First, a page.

“You should really be looking at Vagrant” — he said while I struggled with the keyboard, as if pressing the keys harder was going to magically make it work.
I had recently completed a utility — you know, one of those things that slurp in data from some black hole in a distant corner of the universe, marries it with the structure of a different time-space continuum, and magically spawns a pretty visual representation for mere mortals to easily consume — and I was having the hardest time getting all the pieces together for a demo on a laptop running that OS (yes, that one).
My buddy was trying to point me to a system that helps provision virtual machines from a simple configuration file. A solution which was becoming common in application distribution and deployment, as well as a method to standardize development environments.
I looked into Vagrant and found it very interesting, but at the time I was testing applications that used the virtual machining model and — while very aware of the benefits — I perceived it as fairly cumbersome, mostly because of the size of a VM and some setup problems (not specific to Vagrant itself) which varied depending on the host OS.
So I filed my new knowledge away as something to fiddle with in the future and kept at the problem I was trying to solve. Indeed, we managed to get my seemingly complex solution working and moved onto other problems in our galaxy.
The Whale in the Machine
Over time the buzz started accumulating and I found this other thing called Docker. If you don’t know what that is, then you need to stop reading this article and head over to www.docker.com, I promise it’s a better use of your time. Feel free to come back after your paradigm has shifted.
The idea of container-izing (yes, it’s now a word) system processes is not new. Jail environments have existed for years, but Docker has found a good way of simplifying things such that getting everything setup and distributed is extremely simple. To top it all off, layering the concept on top of git to provide version control for your image has added a completely new dimension to the idea of redundancy and backup. Especially when marrying it to a centralized distribution system in the form of Docker Registry and Docker Hub.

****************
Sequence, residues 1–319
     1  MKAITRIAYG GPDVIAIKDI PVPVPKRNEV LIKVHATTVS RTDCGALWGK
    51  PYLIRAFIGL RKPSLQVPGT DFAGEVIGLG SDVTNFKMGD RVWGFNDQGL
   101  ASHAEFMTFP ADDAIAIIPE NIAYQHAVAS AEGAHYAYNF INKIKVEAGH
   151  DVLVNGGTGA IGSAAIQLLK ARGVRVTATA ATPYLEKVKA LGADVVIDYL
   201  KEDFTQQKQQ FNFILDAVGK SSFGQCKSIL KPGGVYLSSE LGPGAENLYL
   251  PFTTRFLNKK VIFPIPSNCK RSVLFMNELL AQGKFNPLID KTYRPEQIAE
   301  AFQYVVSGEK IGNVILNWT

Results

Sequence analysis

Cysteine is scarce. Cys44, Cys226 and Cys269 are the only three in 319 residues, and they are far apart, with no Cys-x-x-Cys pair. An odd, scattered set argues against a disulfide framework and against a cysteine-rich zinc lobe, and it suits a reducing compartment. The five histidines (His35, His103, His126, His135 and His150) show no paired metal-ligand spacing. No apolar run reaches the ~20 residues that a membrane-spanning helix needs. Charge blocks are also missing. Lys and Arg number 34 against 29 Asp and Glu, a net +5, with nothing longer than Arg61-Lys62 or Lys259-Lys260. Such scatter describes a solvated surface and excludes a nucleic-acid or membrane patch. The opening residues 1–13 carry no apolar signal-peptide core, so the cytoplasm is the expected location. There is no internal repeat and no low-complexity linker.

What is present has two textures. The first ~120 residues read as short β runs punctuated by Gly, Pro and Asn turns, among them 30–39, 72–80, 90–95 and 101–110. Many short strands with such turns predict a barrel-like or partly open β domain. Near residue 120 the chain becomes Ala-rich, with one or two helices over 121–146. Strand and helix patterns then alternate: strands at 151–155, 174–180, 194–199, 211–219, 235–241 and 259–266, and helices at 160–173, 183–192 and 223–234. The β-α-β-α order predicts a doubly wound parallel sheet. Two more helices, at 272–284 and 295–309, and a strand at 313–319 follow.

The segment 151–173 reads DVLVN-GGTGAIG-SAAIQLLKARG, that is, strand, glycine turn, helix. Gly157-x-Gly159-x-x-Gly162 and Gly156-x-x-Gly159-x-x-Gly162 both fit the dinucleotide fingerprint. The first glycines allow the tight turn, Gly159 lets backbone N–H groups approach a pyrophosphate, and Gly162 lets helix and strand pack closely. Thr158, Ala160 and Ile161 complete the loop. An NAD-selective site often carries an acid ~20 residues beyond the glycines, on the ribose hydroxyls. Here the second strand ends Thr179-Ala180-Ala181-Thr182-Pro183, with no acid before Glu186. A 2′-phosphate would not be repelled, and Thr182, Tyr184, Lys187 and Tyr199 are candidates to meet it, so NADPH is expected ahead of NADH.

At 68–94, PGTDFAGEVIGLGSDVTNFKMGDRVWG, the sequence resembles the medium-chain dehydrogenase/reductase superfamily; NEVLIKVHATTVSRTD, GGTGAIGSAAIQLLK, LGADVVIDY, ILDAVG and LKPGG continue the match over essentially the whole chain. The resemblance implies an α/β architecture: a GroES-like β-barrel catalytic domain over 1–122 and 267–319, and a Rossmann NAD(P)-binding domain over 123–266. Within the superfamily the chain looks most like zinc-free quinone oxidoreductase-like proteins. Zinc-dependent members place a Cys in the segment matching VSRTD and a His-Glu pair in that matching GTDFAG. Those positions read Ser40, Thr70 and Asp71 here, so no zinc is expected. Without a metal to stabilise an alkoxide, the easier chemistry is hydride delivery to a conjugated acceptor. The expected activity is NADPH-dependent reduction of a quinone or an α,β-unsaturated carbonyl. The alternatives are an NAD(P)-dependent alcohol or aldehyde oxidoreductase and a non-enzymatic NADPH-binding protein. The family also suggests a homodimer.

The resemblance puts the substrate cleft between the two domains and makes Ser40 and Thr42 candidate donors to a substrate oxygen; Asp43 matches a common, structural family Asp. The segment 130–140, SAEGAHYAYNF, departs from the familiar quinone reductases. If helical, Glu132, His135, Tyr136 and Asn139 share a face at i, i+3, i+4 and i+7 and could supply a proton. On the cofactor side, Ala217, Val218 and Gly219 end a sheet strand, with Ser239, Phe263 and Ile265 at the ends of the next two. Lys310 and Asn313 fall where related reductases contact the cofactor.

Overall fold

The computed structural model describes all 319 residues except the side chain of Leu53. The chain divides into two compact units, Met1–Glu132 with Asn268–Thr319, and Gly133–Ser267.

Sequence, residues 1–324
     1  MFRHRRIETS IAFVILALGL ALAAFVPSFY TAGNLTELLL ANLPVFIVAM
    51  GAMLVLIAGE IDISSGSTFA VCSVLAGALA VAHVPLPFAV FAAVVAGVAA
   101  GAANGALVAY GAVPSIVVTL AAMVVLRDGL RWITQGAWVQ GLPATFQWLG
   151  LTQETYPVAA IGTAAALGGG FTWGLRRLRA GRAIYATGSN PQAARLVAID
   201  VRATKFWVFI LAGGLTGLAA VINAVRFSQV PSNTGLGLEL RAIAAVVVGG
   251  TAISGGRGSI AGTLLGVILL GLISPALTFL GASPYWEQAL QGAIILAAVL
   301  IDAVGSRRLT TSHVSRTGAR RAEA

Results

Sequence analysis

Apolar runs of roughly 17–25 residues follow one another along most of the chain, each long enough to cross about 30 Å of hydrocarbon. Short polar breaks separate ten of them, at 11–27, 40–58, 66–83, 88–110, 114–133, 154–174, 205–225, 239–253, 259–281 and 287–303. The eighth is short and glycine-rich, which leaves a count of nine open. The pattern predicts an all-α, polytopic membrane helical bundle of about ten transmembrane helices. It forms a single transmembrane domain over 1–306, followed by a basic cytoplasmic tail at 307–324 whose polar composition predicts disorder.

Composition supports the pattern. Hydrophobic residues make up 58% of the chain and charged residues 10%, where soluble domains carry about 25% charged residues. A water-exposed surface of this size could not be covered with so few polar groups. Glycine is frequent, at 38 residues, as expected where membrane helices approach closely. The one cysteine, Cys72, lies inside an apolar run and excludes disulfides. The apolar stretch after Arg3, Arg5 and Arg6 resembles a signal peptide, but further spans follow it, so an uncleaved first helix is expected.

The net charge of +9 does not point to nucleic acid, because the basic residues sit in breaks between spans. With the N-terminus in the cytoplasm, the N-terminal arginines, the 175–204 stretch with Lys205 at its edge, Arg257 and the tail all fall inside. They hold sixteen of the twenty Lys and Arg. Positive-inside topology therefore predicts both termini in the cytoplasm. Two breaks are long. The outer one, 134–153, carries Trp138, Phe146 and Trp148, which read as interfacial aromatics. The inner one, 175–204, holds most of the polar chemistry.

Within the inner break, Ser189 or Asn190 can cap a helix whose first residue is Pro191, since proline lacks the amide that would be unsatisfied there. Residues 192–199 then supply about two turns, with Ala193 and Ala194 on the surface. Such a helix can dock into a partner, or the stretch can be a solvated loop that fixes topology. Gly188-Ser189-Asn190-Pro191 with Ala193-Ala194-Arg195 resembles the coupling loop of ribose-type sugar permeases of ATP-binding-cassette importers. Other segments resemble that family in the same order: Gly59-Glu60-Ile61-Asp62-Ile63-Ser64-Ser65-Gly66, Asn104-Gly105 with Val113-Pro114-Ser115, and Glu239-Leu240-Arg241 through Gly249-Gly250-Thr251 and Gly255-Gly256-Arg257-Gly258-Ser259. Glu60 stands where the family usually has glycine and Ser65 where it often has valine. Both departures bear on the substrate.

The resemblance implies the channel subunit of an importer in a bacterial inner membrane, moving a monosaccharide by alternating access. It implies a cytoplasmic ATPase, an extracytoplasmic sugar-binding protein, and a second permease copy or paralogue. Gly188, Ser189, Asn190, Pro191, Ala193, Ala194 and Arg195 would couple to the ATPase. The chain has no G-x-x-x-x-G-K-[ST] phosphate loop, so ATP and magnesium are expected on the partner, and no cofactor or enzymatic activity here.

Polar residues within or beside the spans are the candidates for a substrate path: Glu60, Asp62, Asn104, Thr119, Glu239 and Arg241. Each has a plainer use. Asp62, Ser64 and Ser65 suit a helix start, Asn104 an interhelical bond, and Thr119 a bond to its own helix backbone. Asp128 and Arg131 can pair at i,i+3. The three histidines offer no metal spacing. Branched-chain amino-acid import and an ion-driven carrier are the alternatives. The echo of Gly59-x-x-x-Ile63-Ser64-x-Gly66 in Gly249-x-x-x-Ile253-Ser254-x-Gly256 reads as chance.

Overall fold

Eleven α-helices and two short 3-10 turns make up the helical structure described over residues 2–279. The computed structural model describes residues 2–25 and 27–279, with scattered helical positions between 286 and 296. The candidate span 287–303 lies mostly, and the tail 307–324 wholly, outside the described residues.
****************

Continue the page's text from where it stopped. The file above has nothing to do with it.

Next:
After a few months of messing around, I picked up the technology and started using it in my next set of projects to provide partitioning, security, load balancing, resiliency and backups. We even tied the system to our own git repositories and started monitoring for branch commits that automatically triggered rebuilds of our images and replaced running containers (at the time, continuous delivery / integration was still in its infancy)
It was while writing this build code that we started to look into directly connecting to Docker APIs instead of “subprocess-ing” out our work as shell commands.
As it turns out, Docker makes a RESTful API available through its socket, providing most of the functionality you’re looking for to manipulate images and manage containers. There are several existing web interfaces that take advantage of this, giving you a decent GUI for managing container deployments.
The folks at Docker have already written a Python module named docker-py for using the interface. Below are my observations as I wrapped it in order to simplify interaction and track the things I care about a little better.
To go over it quickly, docker-py uses the requests library to send commands directly to the docker host socket. All that’s needed is to establish a connection and call the methods that tie into whatever command you’re trying to execute.
However, if the application is intended as a generic solution that should function across different environments, deciding at the on how to connect to the socket at the application level can get tricky. This is mainly because exposing the underlying unix socket is a fairly big security concern — there are plenty of articles out there explaining it in detail — so I chose to go with a utility function that passes the connection arguments to the client object based on your environment variables.